Today, social media has become prevalent in our society, becoming an important and popular way to connect and entertain millions of people around the globe. However, as opposed to this conventional use, social media also proves as an artistic outlet or source of inspiration for millions of artists around the globe. On the Westminster campus, junior Max Graves and junior Taylor Boozer are prime examples of student art presence in social media.
Graves’ art account on Instagram, @d00dlr, garnered over a thousand followers in merely one year. He first created his account in September of his sophomore year, while he was taking Honors Advanced Studio Art: Drawing and Painting at Westminster.
“At first, I only shared my artwork from my art class, which mainly consisted of collages,” said Graves. “I started my account with the sole purpose of cataloguing my work, so I wasn’t concerned about gaining followers or popularity in the online community.”
As his account continued to grow, Graves started creating original art of his favorite music artists in his free time. His first piece featured singer Billie Eilish, rendered intricately with colored pencil.
“The drawing of Billie Eilish was re-posted and shared by a lot of different fan accounts, even reaching Billie at one point because she liked my post,” said Graves. “That piece was the one that really caused my account to start picking up and gaining followers who supported my art, and because of that success, I continued to create and post art with a similar style afterwards.”
In addition to being a creator on Instagram, Graves also uses social media to help him expedite his creative process and inspire him with new ideas. Before each drawing of a celebrity, Graves uses technology to make a collage-like reference photo and channel that person’s style and aesthetic. As he looks for new project ideas, browsing the internet and looking through other people’s artwork can give him suggestions on what to create next.
“I also use Instagram and other social media to find inspiration for my art. There are insanely talented artists out there, and sometimes I look through other art accounts to get motivated or find ideas,” said Graves. “Social media’s definitely the easiest way to access other people’s artwork.”
Pamela Martinez, the upper school art teacher, has mentored Graves throughout high school and is familiar with his digital success.
“Max has been recognized by thousands of people, and even by the celebrities in his drawings,” said Martinez. “Now, with social media, you get to connect with people such as Billie Eilish that you would never normally be able to connect with.”
Another talented artist has also demonstrated the impacts of student art presence in social media. Junior Taylor Boozer’s fashion account, @taylor_.made, is entirely different from Graves’ art account. Inspired by her fashion course during JanTerm, Boozer reuses older, thrifted clothing and transforms it into a new garment that fits in with today’s modern style.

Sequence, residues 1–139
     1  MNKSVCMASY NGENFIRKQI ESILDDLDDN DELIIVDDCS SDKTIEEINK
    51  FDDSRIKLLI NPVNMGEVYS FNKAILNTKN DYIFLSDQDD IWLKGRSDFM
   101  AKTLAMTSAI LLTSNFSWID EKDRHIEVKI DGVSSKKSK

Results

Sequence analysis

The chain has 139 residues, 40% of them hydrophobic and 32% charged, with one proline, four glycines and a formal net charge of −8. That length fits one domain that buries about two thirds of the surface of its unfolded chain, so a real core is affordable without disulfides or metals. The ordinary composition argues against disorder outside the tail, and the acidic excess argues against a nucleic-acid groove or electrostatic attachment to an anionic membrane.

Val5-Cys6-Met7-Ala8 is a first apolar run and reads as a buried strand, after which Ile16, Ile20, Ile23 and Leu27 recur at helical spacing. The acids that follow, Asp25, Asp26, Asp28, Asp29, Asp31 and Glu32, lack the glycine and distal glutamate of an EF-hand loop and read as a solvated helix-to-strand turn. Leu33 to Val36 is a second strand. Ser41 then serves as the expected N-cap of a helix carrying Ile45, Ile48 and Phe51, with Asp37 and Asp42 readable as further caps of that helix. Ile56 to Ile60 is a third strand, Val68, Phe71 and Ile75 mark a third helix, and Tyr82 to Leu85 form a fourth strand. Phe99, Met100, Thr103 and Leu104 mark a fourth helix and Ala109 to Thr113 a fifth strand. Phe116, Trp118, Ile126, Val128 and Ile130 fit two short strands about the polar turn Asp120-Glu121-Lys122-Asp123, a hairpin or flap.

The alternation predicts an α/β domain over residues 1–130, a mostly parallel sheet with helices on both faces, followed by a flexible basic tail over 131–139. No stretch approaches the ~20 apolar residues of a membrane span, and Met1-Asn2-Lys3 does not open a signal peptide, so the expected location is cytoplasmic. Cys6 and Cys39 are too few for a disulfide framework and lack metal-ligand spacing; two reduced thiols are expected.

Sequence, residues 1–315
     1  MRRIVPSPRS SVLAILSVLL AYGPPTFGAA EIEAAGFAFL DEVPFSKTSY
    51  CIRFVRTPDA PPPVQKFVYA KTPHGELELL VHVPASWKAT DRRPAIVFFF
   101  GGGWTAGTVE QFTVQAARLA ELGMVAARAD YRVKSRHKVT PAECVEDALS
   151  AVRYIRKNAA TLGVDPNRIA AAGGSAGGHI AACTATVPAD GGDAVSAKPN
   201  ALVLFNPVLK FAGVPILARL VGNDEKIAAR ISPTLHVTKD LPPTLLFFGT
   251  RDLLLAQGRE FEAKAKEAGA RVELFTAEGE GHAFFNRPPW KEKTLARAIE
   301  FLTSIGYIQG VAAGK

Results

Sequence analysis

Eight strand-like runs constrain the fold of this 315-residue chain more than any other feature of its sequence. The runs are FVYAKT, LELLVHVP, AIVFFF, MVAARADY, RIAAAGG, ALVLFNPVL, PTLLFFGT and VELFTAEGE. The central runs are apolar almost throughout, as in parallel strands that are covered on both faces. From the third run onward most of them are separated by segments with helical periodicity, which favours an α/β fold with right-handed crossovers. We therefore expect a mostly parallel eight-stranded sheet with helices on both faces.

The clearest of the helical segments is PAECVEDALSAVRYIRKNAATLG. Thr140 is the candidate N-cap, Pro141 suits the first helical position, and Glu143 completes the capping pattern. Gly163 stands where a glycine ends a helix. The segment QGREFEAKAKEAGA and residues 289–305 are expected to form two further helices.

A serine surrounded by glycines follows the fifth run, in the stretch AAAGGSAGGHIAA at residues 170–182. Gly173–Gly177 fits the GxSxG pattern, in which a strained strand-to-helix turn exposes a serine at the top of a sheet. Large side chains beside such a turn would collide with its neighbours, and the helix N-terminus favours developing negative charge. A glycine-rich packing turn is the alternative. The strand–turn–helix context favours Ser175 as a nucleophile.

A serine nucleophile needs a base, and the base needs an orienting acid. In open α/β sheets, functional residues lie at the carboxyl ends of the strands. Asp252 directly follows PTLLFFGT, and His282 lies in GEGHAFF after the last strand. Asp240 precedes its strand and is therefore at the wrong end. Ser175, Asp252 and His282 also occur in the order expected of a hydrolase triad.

“During JanTerm freshman year, I started to develop an affinity for making clothing and putting things together,” said Boozer. “The following summer, I borrowed a sewing machine and started transforming old clothing, and I watched many YouTube videos and tutorials for inspiration.”
Boozer also started her Instagram account in her sophomore year to organize the garments that she’s made by posting detailed before and after pictures of each piece of clothing’s transformation.
“Originally, I recognized that I needed a way to create a portfolio that was outside of school, so I used it as a way to document my work,” said Boozer.
Using Instagram, Boozer is able to share her love for fashion with her friends, classmates, and anyone who is interested in her work.
“I love that now, when you follow people like Taylor, you can see her work from tiny little details to the clothing’s overall fit on the person to the storyline of the garment and where it goes after it is made,” said Martinez.
Furthermore, Boozer now uses her social media platform to express an important message underlying her creativity to the millions of people that use social media. Using her talent for fashion, she demonstrates the importance of upcycling and reducing waste to the world.
“Millions of clothes get thrown out by people all across the world. The fashion industry is actually the second top environmental hazard,” says Boozer. “I think that repurposing old clothes like I am doing will have an environmental impact too, and I want to show that and raise awareness about this issue to a larger audience.”
Despite these numerous benefits, sharing personal art online is vulnerable and scary, with challenges that every online artist struggles to overcome.
“It’s difficult to stay true to yourself and your style because everyone else can be so overwhelming. You have to truly love art, rather than fixating on the number of followers you have or number of likes on you post,” said Graves. “Just remember that practice makes perfect, and that by sharing on social media, you are inspiring so many others to do the same.”